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How do I prove $$\Gamma, A, B \vdash C \Rightarrow \Gamma, A \wedge B \vdash C$$? It makes sense to me in general (like, if we want to show $C$ is derivable from $A \wedge B$, we have to show it's derivable assuming $A$ and also $B$) but I'm stuck constructing a formal proof. The deduction theorem ($\Gamma \vdash A \wedge B \supset C$) seem to bring me no closer to some kind of axiom.

I'm presented with the whole bunch of axioms: $$A \supset (B \supset A)$$ $$(A \supset (B \supset C)) \supset ((A \supset B) \supset (A \supset C))$$ $$A \supset (B \supset A \wedge B)$$ $$A \wedge B \supset A$$ $$A \wedge B \supset B$$ $$(A \supset C) \supset ((B \supset C) \supset (A \vee B \supset C))$$ $$A \supset A \vee B$$ $$B \supset A \vee B$$ $$(A \supset B) \supset ((A \supset \neg B) \supset \neg A)$$ $$\neg\neg A \supset A$$ $$\textbf{F} \supset A$$ $$A \supset \textbf{T}$$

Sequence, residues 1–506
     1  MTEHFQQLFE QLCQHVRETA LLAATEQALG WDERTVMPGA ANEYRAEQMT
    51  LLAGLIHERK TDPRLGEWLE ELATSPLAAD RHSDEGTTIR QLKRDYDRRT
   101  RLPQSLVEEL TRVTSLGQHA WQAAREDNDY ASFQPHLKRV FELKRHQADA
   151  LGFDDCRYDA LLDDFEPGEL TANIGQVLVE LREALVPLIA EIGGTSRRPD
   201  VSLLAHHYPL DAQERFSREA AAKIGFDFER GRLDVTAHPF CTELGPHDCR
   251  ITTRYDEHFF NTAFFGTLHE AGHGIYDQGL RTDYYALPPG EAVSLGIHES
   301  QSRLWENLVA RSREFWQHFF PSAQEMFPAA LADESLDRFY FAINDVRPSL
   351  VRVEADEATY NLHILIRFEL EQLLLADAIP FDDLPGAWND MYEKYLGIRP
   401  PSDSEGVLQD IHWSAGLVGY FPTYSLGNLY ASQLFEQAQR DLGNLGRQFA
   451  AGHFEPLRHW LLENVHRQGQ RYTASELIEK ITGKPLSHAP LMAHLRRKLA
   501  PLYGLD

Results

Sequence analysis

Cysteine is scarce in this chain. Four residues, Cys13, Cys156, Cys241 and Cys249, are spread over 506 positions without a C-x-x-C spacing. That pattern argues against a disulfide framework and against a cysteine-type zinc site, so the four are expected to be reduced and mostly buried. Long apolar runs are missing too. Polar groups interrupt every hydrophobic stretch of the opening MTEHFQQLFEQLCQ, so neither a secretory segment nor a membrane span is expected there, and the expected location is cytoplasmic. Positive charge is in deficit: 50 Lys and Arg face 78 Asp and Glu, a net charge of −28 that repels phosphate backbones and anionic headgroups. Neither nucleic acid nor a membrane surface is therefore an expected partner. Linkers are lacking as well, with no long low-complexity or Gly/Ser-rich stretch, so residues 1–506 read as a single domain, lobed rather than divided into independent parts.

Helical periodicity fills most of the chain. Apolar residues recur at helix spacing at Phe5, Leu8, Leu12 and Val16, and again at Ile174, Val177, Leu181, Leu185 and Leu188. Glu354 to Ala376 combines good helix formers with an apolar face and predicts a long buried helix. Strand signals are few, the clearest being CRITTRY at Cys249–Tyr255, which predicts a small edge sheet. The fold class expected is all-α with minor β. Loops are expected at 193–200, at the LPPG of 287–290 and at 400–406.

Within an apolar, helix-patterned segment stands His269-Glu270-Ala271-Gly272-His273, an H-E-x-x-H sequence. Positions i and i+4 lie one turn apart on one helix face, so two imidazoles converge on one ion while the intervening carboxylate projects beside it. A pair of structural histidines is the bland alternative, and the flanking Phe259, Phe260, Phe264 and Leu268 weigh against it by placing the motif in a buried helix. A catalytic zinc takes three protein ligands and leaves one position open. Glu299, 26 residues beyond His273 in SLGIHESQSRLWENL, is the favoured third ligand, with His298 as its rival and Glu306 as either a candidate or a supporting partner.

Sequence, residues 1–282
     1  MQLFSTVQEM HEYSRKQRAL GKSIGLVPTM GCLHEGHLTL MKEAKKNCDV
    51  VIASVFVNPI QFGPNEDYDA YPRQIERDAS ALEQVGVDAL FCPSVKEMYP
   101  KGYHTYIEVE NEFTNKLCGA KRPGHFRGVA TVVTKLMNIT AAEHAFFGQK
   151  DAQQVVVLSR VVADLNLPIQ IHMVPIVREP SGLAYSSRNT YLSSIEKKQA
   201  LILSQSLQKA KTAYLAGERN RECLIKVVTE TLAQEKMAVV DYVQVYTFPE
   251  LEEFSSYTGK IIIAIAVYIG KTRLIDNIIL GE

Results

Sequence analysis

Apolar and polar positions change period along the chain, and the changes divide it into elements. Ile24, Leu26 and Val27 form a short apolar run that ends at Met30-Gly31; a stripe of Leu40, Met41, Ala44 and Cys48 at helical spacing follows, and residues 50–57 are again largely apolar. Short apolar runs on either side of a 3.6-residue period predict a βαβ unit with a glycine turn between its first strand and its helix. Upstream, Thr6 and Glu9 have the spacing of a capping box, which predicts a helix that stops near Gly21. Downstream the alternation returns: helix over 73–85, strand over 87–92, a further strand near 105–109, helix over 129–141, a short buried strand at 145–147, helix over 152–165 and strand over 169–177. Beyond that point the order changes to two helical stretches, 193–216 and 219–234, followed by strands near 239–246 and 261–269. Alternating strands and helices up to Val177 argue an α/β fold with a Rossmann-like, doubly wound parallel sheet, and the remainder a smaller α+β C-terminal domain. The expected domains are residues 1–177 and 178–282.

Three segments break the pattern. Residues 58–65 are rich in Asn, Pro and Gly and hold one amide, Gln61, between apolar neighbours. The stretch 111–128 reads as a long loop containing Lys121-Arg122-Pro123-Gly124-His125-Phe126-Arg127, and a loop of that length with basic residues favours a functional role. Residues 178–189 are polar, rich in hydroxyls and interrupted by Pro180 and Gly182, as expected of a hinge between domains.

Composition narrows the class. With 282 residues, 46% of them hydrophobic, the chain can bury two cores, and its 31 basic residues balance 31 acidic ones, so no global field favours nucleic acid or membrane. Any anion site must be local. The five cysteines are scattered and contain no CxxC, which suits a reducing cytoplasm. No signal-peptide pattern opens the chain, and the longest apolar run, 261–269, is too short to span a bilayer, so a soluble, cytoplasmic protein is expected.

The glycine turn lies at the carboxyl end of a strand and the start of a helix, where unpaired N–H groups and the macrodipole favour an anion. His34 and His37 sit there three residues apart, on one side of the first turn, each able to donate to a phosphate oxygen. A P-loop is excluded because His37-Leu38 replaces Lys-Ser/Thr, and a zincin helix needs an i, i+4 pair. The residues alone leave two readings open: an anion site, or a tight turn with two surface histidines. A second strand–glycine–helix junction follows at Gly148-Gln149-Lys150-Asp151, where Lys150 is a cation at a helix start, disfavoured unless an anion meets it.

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You mean the Deduction Theorem, not the "induction theorem". And +1 for stating your axioms. –  Henning Makholm Jan 8 '12 at 3:43
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up vote 2 down vote accepted

This is very easy: you just write out the same proof, except where you write in

  • (hypothesis) $A$

in the first proof, you replace it with the sequence

  • (hypothesis) $A \land B$
  • (axiom) $A \land B \to A$
  • (modus ponens) $A$

and similarly for $B$.

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So the road to derive $A, B$ from $A \wedge B$ would be $A \wedge B, A \wedge B \supset A, A, A \wedge B \supset B, B$! I think I've missed the point that $A, B, A \wedge B$ were just elements of the formal proof, which I could operate on. I wish I could delete the question as being trivial, anyway... –  Egor Tensin Jan 8 '12 at 2:47
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